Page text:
Friday, October 02, 2020

Photos From the Road: Lone Pine and the Alabama Hills

For the last half-dozen years we've traveled to Lone Pine, California, each October for the Lone Pine Film Festival.

My overview of last year's festival may be found here, and links to my coverage of previous festivals are at the bottom of the post.

As I mentioned in a link roundup a couple weeks ago, this year the festival is going virtual, like pretty much every other event of its type in 2020.

The three-day online festival, which can be signed up for here and will stream via Vimeo, costs $45 and includes a 4K restoration of MACKINTOSH AND T.J. (1975) starring Roy Rogers; several additional films with introductions by Richard W. Bann; a trio of virtual tours; plus Zoom panels, interviews, and documentaries. I hope many of you will join us at the virtual fest!

Participants can also buy souvenirs to benefit the Museum of Western Film History. Today I ordered the Western Watch Party mug which will be a nice memento of this unusual year.

Since we knew we wouldn't be going to the festival this year, we spent a night in Lone Pine at the end of our August road trip. While we were there we drove out to Movie Road in the Alabama Hills to visit some favorite locations.

Here are a few photos from that day, starting with the marker at the intersection of Whitney Portal Road and Movie Road which was dedicated by Roy Rogers in 1990:

A close-up:

We first stopped to visit where Randolph Scott, Richard Boone, and Maureen O'Sullivan filmed THE TALL T (1957), directed by Budd Boetticher:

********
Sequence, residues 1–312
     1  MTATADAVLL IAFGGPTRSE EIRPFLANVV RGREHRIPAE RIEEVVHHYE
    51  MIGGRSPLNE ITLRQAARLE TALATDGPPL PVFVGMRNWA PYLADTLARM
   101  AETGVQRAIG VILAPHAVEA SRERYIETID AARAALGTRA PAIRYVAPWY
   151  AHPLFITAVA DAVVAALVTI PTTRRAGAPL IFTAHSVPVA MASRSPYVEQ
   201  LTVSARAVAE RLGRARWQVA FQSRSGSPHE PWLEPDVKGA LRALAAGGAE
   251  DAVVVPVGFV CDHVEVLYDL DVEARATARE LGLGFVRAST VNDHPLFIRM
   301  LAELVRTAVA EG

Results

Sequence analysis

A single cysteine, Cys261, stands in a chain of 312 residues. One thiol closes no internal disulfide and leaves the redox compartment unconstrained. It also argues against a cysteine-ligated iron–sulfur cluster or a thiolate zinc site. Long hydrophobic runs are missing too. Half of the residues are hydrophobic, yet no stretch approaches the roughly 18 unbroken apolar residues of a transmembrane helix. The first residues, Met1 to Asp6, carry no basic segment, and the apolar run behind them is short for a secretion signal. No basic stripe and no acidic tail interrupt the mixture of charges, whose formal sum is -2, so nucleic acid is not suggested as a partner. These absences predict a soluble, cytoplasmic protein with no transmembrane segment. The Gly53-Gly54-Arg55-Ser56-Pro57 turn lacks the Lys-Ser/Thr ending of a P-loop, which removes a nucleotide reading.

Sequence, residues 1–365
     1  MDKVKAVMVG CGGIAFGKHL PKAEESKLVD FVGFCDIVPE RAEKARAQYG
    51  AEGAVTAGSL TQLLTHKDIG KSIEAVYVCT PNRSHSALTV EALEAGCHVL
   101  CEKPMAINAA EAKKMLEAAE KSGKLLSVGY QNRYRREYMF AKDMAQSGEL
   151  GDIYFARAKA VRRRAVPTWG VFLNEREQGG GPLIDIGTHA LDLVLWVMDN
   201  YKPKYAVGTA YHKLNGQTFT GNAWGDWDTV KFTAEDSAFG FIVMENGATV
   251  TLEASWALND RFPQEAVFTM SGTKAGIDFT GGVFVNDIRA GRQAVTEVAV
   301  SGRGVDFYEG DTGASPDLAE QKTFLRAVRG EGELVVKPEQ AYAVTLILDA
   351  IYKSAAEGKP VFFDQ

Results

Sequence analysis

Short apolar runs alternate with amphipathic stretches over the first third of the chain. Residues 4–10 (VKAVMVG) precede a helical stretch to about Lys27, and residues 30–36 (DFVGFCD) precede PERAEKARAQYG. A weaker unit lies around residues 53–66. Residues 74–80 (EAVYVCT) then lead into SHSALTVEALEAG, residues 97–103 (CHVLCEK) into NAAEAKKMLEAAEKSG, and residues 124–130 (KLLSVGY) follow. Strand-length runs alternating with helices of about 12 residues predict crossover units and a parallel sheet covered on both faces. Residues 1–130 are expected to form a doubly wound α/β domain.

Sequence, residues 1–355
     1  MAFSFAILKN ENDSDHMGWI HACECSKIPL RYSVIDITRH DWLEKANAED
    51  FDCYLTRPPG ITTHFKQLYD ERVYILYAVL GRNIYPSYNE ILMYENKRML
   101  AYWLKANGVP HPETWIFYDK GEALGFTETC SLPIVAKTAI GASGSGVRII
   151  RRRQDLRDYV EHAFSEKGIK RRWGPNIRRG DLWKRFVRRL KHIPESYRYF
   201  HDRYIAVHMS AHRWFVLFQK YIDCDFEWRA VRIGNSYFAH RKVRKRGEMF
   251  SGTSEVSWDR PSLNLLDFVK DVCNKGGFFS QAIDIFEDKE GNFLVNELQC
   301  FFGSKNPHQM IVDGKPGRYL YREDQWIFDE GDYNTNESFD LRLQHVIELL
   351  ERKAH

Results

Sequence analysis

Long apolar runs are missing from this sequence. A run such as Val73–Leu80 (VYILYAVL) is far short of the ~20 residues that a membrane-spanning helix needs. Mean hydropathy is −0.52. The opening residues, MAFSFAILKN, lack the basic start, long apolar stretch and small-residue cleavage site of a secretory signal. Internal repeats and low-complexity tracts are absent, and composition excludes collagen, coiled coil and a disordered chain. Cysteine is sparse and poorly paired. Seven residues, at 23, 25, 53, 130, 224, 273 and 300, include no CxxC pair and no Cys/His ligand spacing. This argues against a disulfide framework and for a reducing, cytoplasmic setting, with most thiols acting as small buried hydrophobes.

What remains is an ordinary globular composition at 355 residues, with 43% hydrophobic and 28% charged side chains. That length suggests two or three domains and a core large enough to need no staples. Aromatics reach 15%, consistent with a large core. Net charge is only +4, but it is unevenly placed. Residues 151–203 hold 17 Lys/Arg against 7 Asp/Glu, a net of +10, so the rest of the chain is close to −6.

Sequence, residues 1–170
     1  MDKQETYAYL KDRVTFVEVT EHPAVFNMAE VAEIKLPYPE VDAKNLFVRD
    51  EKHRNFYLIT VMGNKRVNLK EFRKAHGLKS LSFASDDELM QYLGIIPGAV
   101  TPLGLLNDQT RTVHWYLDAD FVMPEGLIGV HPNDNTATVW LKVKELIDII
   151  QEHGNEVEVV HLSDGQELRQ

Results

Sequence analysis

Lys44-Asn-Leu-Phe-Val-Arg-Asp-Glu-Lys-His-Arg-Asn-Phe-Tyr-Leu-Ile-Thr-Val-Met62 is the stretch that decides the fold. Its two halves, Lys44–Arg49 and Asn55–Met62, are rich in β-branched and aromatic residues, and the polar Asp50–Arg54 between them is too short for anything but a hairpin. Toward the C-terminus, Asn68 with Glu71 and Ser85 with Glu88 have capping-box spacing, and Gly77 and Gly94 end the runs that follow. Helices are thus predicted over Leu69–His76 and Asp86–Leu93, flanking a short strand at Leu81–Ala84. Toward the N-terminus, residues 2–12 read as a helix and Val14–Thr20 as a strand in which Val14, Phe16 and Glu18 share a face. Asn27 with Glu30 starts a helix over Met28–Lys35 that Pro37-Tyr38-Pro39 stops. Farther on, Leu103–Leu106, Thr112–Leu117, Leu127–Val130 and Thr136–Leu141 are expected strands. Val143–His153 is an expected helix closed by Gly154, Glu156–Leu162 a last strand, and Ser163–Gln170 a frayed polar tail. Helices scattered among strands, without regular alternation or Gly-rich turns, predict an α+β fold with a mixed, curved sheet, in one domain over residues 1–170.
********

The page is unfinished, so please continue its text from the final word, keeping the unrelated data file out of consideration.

Later in the afternoon we visited the temple location from GUNGA DIN (1939). I had previously been there on a 2015 bus tour.

This GUNGA DIN plaque was dedicated by one of the film's stars, Douglas Fairbanks Jr., in 1992.

It's rather profound being out there in the quiet desert, where nothing has changed since the movie was filmed in 1938. On my previous tour I learned that people walking the area sometimes still find bits of plaster where the temple once stood.

The bridge seen in the movie was set up in a different area, and rusted nails which held the bridge in place can be seen to this day.

On one level it's a bit sad these rocks were defaced, but by this point, over eight decades later, the scars left by the bridge have taken their own place in Lone Pine and cinematic history.

The bridge was strung from the rocks in the foreground to those further back in the photo. It was relatively low to the ground; the height was an optical illusion. More photos of the bridge area can be seen in my 2016 post.

A view of the bridge area:

And a great view of Lone Pine Peak and Mount Whitney above the beautiful Alabama Hills:

During the trip I came across a nice article by Geoff Mayer for Senses of Cinema, which I'll share in closing: "Alone in the Alabama Hills: Budd Boetticher and Lone Pine."

Previous photos from this road trip: Photos From the Road: Halfway House Cafe and Vasquez Rocks, Photos From the Road: Hot Creek Geological Site, Photos From the Road: Bridgeport, Part 1, Photos From the Road: Bridgeport, Part 2, Photos From the Road: Highway 395 and Lone Pine, and A Visit to Glen Haven Memorial Park.


Blogger Bill said...

Certainly one of the most amazing places in the US--- even the world. Thanks for the great pictures.

12:35 AM  
Blogger Walter S. said...

Laura, thank you for taking us to the beautiful rugged landscapes of Lone Pine and the Alabama Hills, which most of us have only seen through the movies. As we know, the landscapes are very important characters in outdoor movies.

Also, thank you for the link to Geoff Mayer's really good write-up concerning Budd Boetticher, Lone Pine and the Alabama Hills. Mayer writes about the common elements on Boetticher's Lone Pine Western Movies. These elements were director Boetticher, star Randolph Scott, screenwriter Burt Kennedy, and Lone Pine. It is well worth reading. Barry Lane's comments have touched on this somewhat on Colin's site concerning collaborative efforts in the making of movies.

Stay safe and healthy. Walter S.

8:22 AM  

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